7 ¾ months of trying not to think ahead, any more than is necessary.
HOLY CRAP NO WAY
It is extraordinary I have kept my dog and my son alive.
And myself. Forgot about her.
I have maintained good blood sugar levels.
What’s next is daunting.
High School applications,
future work for myself as an actor, writer, teacher, landlord…who knows??
I do want to impart some HOPE.
Because I do a shuffle` back and forth between hope and despair every day.
Here’s what I got.
Look at me. I'm not a very big person.
Not what anyone would call strong by any stretch of the imagination.
I have been dog walking 17k steps a day, I’ve nursed said dog through three stomach viruses, I've done two plays and three workshops, I’ve arranged for my son to stay with friends over and over and over again when I needed an extra hand, I got us to Grief Camp and bereavement centers, I have done a lot of things I never thought I could, things I never ever wanted to learn how to do.
I have asked for more help in the last 7 ¾ months than I have in the last 30 years.
I’m tiny. Breakable. I have a thin, high voice.
Easily toppled, by the look of me. I weigh 117 lbs.
I have endured.
One of the phases in this book I have
The Second Crisis, Stumbling in the Dark.
Basically, it’s when you are able to fully realize the death is forever.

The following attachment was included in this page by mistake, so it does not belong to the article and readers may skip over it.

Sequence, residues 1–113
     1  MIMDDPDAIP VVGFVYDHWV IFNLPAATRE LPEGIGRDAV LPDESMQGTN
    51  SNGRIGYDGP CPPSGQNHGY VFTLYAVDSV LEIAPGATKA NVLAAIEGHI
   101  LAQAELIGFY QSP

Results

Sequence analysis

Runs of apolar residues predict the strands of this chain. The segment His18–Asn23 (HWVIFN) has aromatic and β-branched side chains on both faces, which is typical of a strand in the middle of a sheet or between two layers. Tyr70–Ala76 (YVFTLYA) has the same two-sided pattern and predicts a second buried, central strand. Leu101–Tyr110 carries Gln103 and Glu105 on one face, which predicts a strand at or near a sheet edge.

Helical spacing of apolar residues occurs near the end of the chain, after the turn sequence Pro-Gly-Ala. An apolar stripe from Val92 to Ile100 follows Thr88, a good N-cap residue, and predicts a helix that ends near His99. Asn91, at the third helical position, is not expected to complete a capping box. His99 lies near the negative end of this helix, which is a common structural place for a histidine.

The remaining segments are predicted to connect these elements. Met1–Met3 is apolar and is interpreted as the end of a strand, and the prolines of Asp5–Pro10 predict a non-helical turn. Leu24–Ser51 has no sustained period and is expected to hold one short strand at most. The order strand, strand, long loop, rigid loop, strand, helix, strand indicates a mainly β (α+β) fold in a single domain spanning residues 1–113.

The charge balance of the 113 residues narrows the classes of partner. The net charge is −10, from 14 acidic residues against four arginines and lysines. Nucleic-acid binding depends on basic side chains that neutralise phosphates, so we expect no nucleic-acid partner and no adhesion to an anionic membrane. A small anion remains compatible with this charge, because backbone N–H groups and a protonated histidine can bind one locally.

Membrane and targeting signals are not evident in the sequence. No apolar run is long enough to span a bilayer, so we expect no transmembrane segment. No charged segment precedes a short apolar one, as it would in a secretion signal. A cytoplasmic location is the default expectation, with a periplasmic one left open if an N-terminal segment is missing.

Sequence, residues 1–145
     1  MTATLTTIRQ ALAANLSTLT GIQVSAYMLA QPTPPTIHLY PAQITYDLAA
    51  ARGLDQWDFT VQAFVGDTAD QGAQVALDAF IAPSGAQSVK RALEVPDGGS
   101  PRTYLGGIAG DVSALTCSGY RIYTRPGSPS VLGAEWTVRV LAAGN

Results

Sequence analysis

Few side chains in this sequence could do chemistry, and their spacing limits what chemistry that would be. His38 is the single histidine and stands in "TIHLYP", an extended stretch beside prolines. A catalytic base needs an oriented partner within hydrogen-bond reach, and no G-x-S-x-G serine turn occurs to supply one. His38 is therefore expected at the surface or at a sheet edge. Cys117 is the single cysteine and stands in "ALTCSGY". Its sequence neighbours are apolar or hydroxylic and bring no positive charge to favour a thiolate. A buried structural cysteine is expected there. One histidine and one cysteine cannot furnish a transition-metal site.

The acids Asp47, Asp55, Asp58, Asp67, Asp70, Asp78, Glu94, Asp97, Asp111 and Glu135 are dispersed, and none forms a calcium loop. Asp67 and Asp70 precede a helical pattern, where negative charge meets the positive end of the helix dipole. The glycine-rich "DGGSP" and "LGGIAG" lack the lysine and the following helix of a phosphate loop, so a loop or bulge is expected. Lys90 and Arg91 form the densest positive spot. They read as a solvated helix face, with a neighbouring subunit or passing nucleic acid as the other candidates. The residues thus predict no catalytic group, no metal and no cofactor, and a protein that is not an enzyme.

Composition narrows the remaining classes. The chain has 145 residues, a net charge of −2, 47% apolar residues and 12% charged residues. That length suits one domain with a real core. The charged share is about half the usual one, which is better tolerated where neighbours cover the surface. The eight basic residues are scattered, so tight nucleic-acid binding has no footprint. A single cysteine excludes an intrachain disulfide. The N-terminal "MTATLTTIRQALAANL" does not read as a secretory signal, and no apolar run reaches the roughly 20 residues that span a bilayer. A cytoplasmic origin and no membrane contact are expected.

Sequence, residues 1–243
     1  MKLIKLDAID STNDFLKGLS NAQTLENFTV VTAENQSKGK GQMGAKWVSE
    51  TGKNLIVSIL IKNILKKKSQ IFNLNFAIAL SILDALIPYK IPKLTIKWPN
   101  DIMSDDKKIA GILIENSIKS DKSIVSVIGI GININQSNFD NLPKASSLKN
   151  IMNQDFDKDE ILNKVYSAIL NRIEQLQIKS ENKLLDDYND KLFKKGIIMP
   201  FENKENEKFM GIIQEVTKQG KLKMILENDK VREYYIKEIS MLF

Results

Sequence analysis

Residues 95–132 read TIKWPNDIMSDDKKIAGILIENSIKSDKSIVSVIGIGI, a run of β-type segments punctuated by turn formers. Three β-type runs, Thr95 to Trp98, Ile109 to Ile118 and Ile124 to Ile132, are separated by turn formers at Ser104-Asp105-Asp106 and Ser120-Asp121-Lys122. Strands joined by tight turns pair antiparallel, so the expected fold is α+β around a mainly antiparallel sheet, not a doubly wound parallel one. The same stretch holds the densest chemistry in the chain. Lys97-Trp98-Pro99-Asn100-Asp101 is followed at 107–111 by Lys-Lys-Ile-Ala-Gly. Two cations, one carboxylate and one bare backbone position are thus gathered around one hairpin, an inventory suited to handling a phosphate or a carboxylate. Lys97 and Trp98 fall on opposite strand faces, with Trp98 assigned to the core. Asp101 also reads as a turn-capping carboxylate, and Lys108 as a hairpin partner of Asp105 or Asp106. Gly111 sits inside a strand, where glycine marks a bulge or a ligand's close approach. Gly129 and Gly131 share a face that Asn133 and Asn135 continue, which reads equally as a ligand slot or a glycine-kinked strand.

And this flattens you - much worse, often, than the initial shock.
It’s worse than the first six months where you simply can’t feel or cognitively accept this entirely -it’s said it would kill you if you did. So your brain doesn’t allow that full realization. Although, I sure as hell thought I was realizing it - and man, my body sure became one with agony. There's more?
Andrew is gone from me for as long as I will live. (Kill me now.)
There is a choice in the Second Crisis.
Ready? It’s not very sexy or promising.
Definitely not fun.
Ok, I warned you. Here it is:
“To endure with patience.”
That’s the choice.
I told you it wasn’t enticing.
I am enduring.
I wouldn’t say patiently?
I would say submissively,
Or, just too tired to do anything else but surrender.
To the physical wrenching pain. The fears. The yearning, longing.
And - the waiting.
For signs of life, or waiting to want to feel signs of life in myself again.
I have withstood the shittiest overhaul to my living space -the WORST roommate ever who’s never leaving. She says it's her apartment now!
I make the tiniest attempts every day to absorb her presence, to acknowledge it, to accept and face Andrew’s absence.
I think, thus far, that is all the endurance I can manage.
To greet every day with:
You’re still here Death?
And Andy isn’t.
But I am? Dammit.
I certainly am.
What do you have to show me today?